None of the city’s different zones allow for marijuana distribution, meaning all dispensaries in the city are illegal, technically — so officials like Goldsmith eventually could try to close them all.
In Los Angeles, a Superior Court judge recently upheld a city ordinance limiting dispensaries. An article describing the decision notes the city attorney’s office “has invested considerable time and expense in defending the law from a phalanx of lawyers working for dispensaries.”
Jane Usher, the attorney for the city of LA, was more blunt about the cost of the ordinance. “We did become a magnet for massive, voluminous litigation,” she said.
Curiously, Usher and a fellow City of Los Angeles lawyer recently demanded the retraction of a RAND Corporation study that found a 59% average increase in crime in L.A. areas vacated by marijuana dispensaries that the city forced out of business. RAND, a non-profit that bills itself as a source of “objective research services and public policy analysis,” pulled the study and says it is being reviewed.
In a separate showdown of law versus science, the California Medical Association, representing 35,000 doctors in the state, announced last week its support for decriminalizing weed.
The group acknowledged that pot presents some health risks but called for more research into the potential medical value of pot, at the same time saying the costs of criminalization don’t justify the benefits to society.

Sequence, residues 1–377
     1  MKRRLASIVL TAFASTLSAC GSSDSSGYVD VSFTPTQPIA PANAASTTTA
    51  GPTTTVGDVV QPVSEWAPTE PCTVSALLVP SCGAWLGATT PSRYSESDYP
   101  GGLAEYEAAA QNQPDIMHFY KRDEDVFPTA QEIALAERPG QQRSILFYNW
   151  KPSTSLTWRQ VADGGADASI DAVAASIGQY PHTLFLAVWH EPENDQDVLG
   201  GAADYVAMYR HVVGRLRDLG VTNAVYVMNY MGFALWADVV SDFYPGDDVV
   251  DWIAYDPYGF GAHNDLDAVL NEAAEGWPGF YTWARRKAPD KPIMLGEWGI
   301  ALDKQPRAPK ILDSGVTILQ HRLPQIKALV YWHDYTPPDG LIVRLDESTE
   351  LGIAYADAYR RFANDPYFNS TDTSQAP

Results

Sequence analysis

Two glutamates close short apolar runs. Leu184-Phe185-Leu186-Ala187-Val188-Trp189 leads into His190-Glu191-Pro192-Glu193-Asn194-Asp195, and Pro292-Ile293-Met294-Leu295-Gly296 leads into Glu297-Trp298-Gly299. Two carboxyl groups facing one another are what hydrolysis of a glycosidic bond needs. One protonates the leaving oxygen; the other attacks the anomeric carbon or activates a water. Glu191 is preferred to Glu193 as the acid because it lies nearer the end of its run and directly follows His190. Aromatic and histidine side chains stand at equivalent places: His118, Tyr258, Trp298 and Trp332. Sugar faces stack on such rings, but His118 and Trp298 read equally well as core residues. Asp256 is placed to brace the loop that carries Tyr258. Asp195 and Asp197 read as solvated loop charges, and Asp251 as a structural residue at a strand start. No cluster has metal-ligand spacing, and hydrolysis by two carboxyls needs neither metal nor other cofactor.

“I wonder what they’re smoking,” responded John Lovell, spokesman for the California Police Chiefs Association, flashing some serious wit. But many cops also support legalization. In 2010, for example, supporters of California’s Proposition 19 included former police chiefs from Los Angeles and San Jose as well as the National Black Police Association, the National Latino Officers Association, and Law Enforcement Against Prohibition.
Only 46.5% of voters supported Proposition 19, however. So California state law still falls well short of full-on decriminalization, regulation and taxation of marijuana, and federal law still bans the stuff outright. Meanwhile, neither supply of nor demand for marijuana seems to pay much attention to its legal status.
All this means Californians — and particularly San Diego residents — probably should expect more confusion, more dispensary closures, more lawsuits, more prosecutions, and more black market marijuana transactions. Because the official view of pot prosecutions seems to have shifted from “waste of ammo” to something more akin to that conversation in the movie “Traffic” between a drug dealer and a DEA agent:
Eduardo Ruiz: Can’t you for a second imagine none of this had happened? That my drugs had gone through. What would have been the harm? A few people get high who are getting high anyway. Your partner is still alive… Don’t you see this means nothing? That your whole life is pointless?
Montel Gordon: You’re breaking my heart.
Eduardo Ruiz: The worst thing about you, Monty, is you realize the futility of what you’re doing and you do it anyway. I wish you could see how transparent you are… You only got to me because you were tipped off by the Juarez Cartel, who’s trying to break into Tijuana. You’re helping them. You work for a drug dealer too, Monty.